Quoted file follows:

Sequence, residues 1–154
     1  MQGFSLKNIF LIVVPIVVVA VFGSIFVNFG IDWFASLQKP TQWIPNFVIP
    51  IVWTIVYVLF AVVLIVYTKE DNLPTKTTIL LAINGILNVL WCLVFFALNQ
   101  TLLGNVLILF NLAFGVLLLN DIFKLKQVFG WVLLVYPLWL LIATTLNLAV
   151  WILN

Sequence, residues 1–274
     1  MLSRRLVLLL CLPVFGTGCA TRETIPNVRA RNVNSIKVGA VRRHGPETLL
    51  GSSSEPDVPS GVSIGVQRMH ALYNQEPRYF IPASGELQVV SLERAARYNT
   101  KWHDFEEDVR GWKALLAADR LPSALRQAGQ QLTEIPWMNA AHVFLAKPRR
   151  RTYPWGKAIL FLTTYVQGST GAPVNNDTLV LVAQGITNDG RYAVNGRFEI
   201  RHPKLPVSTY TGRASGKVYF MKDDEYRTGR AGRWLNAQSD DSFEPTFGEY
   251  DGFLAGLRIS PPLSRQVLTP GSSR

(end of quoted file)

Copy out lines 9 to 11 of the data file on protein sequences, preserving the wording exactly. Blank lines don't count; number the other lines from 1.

   101  KWHDFEEDVR GWKALLAADR LPSALRQAGQ QLTEIPWMNA AHVFLAKPRR
   151  RTYPWGKAIL FLTTYVQGST GAPVNNDTLV LVAQGITNDG RYAVNGRFEI
   201  RHPKLPVSTY TGRASGKVYF MKDDEYRTGR AGRWLNAQSD DSFEPTFGEY